From 1969 with Don, possibly in London. Hear it!
Elaine Shepherd’s classic BBC documentary, introduced and narrated by John Peel. Completely wonderful, a 50 minute joy: Reviews, articles, blog posts, etc. relating to The Artist Formerly Known As Captain Beefheart. When the film was first screened by the BBC, it was followed by the Anton Corbijn / Don Van Vliet short Some YoYo Stuff.
[alert_box type=”info”]This article first appeared in Mojo Magazine, December 1993 as an introduction to an interview with the man himself. Please also see John French’s response to this article.[/alert_box] He is alive. A recluse. Painting in seclusion up near the Oregon border. There have been weird signals through the ether since he stopped making music 11 years ago, but they were faint, confused, unintelligible. But now Dave DiMartino has finally made contact with the man who used to be Captain Beefheart. It is entirely fitting that Don Van Vliet, painter of international repute, and one of a handful of truly legendary figures in rock ‘n’ roll,
[alert_box type=”info”]This article was taken from Creem Magazine, mid 1972. Many thanks to Andrew for the info about this piece.[/alert_box] WHAT DOES one say to a man who, at the age of three, used to talk with lions inside their cages? How does one cope with a greeting – ‘Haven’t I met you somewhere before’ ‘No, I don’t think so, actually.’ ‘Weren’t you at my concert last night? Weren’t you sitting up there (he points) in a group of seven in a box. That’s where I’ve seen you.’ It’s all very easy when one is talking to Captain Beefheart. My journalist’s paranoia which had been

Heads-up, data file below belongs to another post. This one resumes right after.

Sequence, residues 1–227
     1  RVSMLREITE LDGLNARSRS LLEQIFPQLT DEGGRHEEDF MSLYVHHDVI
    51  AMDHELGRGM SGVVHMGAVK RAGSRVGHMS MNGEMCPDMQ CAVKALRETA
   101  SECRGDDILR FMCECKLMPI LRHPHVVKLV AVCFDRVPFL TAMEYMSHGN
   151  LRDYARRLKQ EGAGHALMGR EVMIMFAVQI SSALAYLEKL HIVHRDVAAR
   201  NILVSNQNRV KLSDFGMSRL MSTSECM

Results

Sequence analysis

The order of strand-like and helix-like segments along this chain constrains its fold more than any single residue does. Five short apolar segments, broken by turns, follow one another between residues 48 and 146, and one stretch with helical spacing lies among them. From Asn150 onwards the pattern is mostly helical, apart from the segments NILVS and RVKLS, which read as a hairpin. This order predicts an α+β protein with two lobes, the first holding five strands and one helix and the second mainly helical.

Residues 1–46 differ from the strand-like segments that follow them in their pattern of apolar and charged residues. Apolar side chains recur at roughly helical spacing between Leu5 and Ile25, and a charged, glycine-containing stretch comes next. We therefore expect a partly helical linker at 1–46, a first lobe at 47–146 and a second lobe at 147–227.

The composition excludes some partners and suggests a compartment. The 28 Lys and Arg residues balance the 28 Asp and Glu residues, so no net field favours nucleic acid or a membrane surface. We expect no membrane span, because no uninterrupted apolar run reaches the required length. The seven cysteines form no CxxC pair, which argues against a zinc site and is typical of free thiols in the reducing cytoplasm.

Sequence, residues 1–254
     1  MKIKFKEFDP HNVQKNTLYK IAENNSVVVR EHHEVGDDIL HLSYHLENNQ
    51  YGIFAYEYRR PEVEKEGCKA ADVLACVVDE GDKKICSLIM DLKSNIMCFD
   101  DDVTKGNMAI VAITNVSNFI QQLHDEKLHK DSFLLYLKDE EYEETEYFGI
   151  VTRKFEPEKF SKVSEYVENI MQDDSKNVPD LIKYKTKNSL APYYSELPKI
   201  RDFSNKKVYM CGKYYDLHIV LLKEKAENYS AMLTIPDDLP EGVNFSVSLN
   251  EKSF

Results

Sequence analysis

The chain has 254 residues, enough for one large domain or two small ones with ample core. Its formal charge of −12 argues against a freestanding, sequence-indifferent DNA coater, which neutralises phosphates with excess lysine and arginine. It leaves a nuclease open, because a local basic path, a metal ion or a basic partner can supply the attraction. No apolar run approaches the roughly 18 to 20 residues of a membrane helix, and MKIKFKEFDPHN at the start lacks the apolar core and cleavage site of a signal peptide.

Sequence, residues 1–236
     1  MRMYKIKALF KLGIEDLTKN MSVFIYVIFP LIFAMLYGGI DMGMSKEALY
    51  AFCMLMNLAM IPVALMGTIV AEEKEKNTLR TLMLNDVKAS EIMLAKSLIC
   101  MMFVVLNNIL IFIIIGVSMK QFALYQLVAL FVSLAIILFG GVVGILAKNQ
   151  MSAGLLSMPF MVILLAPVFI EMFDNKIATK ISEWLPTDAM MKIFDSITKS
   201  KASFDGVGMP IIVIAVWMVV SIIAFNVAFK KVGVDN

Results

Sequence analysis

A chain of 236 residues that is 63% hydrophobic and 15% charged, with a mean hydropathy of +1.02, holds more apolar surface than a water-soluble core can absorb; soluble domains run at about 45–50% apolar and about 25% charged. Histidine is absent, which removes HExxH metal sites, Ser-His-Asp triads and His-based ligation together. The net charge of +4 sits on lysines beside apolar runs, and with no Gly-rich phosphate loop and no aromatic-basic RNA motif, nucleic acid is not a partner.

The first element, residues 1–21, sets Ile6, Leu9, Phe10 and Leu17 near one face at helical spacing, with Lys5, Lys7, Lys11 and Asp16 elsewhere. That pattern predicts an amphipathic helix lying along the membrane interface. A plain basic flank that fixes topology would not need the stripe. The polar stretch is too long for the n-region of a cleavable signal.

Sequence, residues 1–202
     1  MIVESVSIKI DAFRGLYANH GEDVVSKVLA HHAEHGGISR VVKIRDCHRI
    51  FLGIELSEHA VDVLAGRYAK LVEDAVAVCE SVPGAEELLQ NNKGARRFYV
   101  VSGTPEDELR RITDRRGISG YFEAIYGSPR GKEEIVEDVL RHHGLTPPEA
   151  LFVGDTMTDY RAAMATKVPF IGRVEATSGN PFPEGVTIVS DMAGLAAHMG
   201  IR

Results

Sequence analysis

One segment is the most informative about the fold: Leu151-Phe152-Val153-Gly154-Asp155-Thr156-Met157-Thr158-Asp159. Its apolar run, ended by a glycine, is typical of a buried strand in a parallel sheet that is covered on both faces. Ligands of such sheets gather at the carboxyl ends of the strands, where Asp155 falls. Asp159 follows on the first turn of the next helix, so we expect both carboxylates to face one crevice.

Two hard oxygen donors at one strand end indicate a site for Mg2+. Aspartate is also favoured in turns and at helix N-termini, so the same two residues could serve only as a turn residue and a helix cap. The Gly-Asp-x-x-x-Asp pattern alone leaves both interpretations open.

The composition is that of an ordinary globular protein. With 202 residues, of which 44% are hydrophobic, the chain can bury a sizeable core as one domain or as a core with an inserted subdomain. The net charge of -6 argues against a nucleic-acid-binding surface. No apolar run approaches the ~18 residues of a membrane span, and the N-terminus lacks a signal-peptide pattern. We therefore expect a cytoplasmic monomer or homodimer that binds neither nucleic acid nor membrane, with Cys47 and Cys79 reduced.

[alert_box type=”info”]This interview with Don Van Vliet was taken from the 19th March 1972 edition of Crawdaddy[/alert_box] “New York is a slow turtle with diarrhea” says Captain Beefheart, alias the Spotlight Kid, alias Don Van Vliet. The Anderson Theatre is in that area of New York now known as the Lower East Side. Once it was called The Last Village, when Flower Power sowed its stone fields with the waifs and strays and prophets of the New America. Even if it is no longer a cool ‘n groovy place to live, let alone hang out on a Saturday night, some Junior Entrepreneurs chose the Anderson
[alert_box type=”info”]Article from the Associated Press, published 22nd June 1995.[/alert_box] A long time ago, in an artistic dimension somewhere in another galaxy called the 1960s, there emerged an unlikely musical hero, name of Captain Beefheart. At a time when others sang about peace and love – and played it safe with musical arrangements featuring jingly jangly guitars and thumpty-thump drums – there stood Captain Beefheart as a counterpoint. There he stood, surrounded by bottleneck guitars, electronic pianos, trombones, French horns, Chinese gongs, clarinets, harmonicas – any instrument really, that sounded interesting when matched with his growling, 4 1/2-octave voice. But then – after 20 years
[alert_box type=”info”]March 2002, exclusive to beefheart.com[/alert_box] My first meeting with Don Van Vliet–whom I’ll just refer to as Beefheart–came on a rainy night about 12 hours before his wedding. It was November 1969; I was 19 years old. I was at my parent’s home in Northridge, California when the phone rang about 9:30 p.m. I thought it was my girlfriend whose house I had left an hour before. But it was my friend, Jan Jenkins. Jan had just been in a traffic accident while driving alone in Beefheart’s Volvo. She was not injured, but the Volvo had been towed. She needed a lift back to